Nearly two-and-a-half years after the CFTC officially declared that bitcoin and cryptocurrencies more broadly would be regulated like securities, a federal judge has ruled that the agency does, in fact, have the authority to regulate the fledgling asset class, according to the same rules governing energy and metals, effectively defining cryptocurrencies as commodities.
US District Judge Jack Weinstein ruled that the CFTC had the standing to bring a fraud lawsuit against New York resident Patrick McDonnell and his company Coin Drop Markets, permitting the case to move forward. Weinstein also preemptively barred McDonnell and CDM from engaging in commodity transactions, according to coindesk.
“Virtual currencies are ‘goods’ exchanged in a market for a uniform quality and value. … They fall well within the common definition of ‘commodity’,” the judge wrote in the order on Tuesday.
In the lawsuit, the CFTC alleged that McDonnell and his company had fraudulently offered customers virtual currency trading advice beginning in January 2017. After customers handed over their money, instead of passing along his advice, McDonnell took down the company’s website and stopped responding to customers, the CFTC alleged. CDM also failed to register with the CFTC. McDonnell took down the company’s website and stopped responding to customers. McDonnell, who is representing himself in the case, declined to comment to Reuters.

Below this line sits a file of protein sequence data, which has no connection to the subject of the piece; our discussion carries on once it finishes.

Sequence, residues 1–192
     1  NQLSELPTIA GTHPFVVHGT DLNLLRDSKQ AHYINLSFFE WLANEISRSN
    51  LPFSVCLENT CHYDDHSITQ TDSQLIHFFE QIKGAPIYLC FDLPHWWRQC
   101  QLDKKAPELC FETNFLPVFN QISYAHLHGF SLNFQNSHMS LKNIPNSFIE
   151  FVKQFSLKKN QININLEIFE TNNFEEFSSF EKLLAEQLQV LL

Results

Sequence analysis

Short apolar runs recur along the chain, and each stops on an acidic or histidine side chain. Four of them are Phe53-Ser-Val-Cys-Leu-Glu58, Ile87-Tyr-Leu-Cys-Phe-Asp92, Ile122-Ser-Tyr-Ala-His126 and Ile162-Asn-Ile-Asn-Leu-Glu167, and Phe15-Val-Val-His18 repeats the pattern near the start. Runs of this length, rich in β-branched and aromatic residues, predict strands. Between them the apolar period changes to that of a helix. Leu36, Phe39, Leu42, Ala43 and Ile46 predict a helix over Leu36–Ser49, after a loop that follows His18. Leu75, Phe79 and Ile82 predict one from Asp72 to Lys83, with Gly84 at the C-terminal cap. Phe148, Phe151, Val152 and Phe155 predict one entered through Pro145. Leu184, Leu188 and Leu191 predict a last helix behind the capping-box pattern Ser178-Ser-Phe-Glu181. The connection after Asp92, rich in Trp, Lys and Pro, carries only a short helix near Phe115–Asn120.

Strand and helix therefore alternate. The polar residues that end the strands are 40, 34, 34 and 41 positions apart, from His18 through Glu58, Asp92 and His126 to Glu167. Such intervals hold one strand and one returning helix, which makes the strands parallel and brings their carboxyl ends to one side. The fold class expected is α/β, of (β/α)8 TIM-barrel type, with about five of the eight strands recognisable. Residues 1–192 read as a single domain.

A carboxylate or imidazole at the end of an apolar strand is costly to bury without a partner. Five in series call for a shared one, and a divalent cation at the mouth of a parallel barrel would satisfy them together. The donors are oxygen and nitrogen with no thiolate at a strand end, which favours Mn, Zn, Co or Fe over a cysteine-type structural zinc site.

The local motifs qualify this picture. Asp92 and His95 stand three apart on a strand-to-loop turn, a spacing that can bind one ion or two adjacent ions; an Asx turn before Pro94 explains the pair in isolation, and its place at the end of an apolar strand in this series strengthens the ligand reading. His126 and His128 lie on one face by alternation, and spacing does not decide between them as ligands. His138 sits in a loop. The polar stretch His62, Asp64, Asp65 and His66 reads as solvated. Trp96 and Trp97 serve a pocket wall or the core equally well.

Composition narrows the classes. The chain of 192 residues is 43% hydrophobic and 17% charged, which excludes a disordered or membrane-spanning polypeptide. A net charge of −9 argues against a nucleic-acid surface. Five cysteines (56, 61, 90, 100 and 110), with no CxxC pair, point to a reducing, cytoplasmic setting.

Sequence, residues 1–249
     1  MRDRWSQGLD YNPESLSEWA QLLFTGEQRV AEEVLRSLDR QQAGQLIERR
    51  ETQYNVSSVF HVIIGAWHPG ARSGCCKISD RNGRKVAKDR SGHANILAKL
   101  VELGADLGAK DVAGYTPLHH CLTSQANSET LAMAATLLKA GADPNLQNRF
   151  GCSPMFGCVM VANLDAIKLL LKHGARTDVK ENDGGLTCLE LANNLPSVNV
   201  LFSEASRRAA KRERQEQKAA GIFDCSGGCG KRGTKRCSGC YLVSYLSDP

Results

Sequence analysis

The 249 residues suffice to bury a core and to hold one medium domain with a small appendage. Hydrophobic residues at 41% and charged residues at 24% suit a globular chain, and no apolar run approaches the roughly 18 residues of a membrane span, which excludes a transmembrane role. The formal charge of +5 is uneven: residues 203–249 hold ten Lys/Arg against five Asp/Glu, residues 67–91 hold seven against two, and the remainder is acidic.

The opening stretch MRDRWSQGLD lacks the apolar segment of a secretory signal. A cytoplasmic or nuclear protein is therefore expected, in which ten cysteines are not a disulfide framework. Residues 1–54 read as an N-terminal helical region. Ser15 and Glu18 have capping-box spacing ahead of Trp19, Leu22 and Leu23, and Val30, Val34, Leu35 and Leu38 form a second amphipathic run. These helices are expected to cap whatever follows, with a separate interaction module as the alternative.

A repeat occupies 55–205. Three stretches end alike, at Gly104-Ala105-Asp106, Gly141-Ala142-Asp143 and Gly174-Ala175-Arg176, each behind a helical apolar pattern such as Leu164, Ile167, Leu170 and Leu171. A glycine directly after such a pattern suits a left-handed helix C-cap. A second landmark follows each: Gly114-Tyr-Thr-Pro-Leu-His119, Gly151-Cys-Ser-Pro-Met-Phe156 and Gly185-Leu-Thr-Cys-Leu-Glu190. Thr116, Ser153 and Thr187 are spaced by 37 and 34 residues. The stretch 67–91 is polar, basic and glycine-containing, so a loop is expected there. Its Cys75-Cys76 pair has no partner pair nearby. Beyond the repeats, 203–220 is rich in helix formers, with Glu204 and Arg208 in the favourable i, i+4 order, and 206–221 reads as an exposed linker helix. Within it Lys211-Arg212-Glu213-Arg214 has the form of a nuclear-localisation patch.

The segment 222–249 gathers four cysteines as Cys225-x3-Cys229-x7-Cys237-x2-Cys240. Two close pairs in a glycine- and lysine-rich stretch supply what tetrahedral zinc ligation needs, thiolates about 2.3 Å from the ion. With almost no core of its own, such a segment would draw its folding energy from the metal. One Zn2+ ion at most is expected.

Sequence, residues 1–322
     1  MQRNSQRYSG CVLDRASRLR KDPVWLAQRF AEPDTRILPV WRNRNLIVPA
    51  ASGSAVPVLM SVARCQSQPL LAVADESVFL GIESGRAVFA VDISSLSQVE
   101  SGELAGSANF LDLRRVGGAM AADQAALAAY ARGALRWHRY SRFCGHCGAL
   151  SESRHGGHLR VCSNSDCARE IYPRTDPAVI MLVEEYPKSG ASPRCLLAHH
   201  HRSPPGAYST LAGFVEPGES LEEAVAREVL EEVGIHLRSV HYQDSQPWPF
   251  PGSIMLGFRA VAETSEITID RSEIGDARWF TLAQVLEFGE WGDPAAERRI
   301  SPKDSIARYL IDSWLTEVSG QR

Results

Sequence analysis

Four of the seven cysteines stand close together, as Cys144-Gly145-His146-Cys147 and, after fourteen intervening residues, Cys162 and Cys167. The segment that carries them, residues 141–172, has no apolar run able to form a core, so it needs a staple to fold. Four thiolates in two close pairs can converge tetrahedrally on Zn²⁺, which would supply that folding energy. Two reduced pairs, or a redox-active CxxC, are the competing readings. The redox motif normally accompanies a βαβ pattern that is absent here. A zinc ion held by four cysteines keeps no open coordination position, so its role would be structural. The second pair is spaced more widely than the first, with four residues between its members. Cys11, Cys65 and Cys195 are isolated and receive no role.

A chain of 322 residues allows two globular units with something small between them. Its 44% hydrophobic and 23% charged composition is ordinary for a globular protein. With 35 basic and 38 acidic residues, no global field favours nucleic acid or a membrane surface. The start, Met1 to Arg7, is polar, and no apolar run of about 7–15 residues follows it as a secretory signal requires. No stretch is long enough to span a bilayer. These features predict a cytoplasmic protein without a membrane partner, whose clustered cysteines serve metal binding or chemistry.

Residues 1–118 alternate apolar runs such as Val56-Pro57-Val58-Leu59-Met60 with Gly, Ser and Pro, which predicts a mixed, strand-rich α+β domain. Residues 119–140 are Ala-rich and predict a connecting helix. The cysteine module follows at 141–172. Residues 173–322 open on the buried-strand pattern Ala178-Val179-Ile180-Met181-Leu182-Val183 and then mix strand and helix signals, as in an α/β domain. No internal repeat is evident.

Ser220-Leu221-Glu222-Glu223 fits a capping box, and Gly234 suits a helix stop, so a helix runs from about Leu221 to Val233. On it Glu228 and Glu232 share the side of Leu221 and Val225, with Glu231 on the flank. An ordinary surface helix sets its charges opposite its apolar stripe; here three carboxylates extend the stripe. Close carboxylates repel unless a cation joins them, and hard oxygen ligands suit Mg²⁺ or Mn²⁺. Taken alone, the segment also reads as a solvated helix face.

At issue in the case was whether the CFTC had the authority to regulate cryptocurrency as a commodity in the absence of federal level rules, and whether the law permitted the CFTC to “exercise its jurisdiction over fraud that does not directly involve the sale of futures or derivative contracts,” according to the document.
In both instances, Weinstein answered in the affirmative, meaning the case can be brought against the defendant.
The CFTC had defined cryptocurrencies as commodities as far back as 2015, a decision that has led the agency to recently target cryptocurrency businesses that it considers are hoaxing investors.
Since Congress hasn’t yet acted to pass a regulatory framework for cryptocurrencies, the CFTC and Securities and Exchange Commission (SEC) have moved ahead with their own, often vague, decrees, like when the SEC ruled over the summer in its finding on the collapse of the DAO that crypto tokens should be regulated and registered according to SEC securities laws.
Banks have already identified crypto as a threat in terms of both the potential for fraud and also as a form of disruptive competition. The bank has made efforts to restrict its customers’ use of bitcoin and other virtual currencies. Citigroup and JPMorgan Chase have also banned purchases of cryptocurrency on their credit cards. However, these regulator vagaries didn’t stop the CFTC from granting exchanges permission to offer bitcoin derivatives like the bitcoin futures offered by the Cboe and CME.
The full ruling is below